It's been seven months, eight days, and a few hours since you left us, and I am really missing you Mom. Our Christmas tree stands in the corner of the living room, bare of all decorations. I cannot seem to find the strength to unbox them and hang them on the branches, but we will, I promise. There are the little Santa boots in which you used to place tiny candy canes. I recollect the shopping trip for those little sparkling red and gold treasures, and the crinkling sound made by the cellophane lid, as you freed each one from the package. Now, I cannot bear to look at them.
Last week, I drove by your house, and noticed that the people who now live there have dressed the eaves with Christmas lights, but they are not your lights. They have no angels in their front garden, and no lights streaming up through the pine tree at the corner of the house. Mike and Charlie were not there climbing the ladder, stringing your lights across the front of the house and over the driveway, but you know that because Charlie is with you now. He is there with you and Dad and Sarah, in Heaven, and we are here, stuck.
On Thursday evening, travelling along the escarpment, I passed the hospital where you drew your last breath, and stopped at the lookout for just a few minutes. The air was so crisp and clear, and the lights from the city below sparkled against the black sky. Standing in the darkness, I closed my eyes and listened for your voice, but you were not there. Do you remember our Sunday drives in the wintertime after evening mass, when we would say the city looked 'like diamonds on black velvet'? We would just sit there in the quiet, enjoying the view, settled in the glow of contentment.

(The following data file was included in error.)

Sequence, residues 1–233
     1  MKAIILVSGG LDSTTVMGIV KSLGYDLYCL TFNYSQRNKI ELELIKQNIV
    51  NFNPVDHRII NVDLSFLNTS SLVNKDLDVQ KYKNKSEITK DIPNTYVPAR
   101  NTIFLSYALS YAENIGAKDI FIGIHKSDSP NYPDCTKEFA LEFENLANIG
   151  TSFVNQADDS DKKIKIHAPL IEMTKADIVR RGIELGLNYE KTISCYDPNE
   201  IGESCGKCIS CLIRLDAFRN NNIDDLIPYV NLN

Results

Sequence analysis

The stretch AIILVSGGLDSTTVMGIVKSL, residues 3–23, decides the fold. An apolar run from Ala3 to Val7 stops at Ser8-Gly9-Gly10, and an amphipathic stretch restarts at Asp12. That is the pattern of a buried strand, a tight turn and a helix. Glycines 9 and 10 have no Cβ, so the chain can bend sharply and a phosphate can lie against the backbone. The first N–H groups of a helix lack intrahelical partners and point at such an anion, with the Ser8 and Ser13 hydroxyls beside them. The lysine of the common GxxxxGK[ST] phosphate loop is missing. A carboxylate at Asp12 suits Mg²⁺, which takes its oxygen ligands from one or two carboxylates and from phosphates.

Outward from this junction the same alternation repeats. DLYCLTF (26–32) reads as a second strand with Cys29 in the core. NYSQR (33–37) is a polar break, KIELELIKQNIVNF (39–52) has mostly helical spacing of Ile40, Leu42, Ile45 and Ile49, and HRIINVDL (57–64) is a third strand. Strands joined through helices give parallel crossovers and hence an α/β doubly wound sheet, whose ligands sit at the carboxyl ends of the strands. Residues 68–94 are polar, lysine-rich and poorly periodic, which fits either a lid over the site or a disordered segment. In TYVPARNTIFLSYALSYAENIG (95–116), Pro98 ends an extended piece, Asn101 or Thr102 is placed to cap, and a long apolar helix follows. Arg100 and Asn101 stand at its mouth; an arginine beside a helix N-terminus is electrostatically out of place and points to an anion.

The Christmas Tree in the city centre seems much taller this year, and is all dressed in colour, but the lights glow a little less bright. They have a carousel for the children, and a little red train too. The park side is lined with small red and white houses, holding tableaus of Christmas inside their simple frames. It reminds me of meeting you outside of Eatons when I was a child, after you had finished a day's work. We would stand in the snow and the ice, waiting for Dad, and watching the whirl of figures dancing in the Christmas windows, the Nutcracker Prince, and the Mouse King, the ballerinas in fondant pink dresses and crowns of sparkling sequins.
In the cemetery, all around the grave you and Dad share, there is not yet snow, but the trees are wrapped in slender ribbons of ice, and the rain is gently falling. The winter wind has begun its rush through the trees on the escarpment, and the grass fades in patches of amber brown. I know this is the natural cycle of life, and death is the most inescapable part of it. Still, we want you here, with us, in our own ever unchanging Christmas tableau. In my mind's eye I see you and Dad, and all of us around the table for Christmas dinner, with Sarah and Ulee chasing each other under our feet. I know it's just a fantasy, and I dream about it only because I'm missing you Mom, and missing Dad and Sarah too.
Have a very Happy Christmas in Heaven, but know that here on earth, you are much missed.
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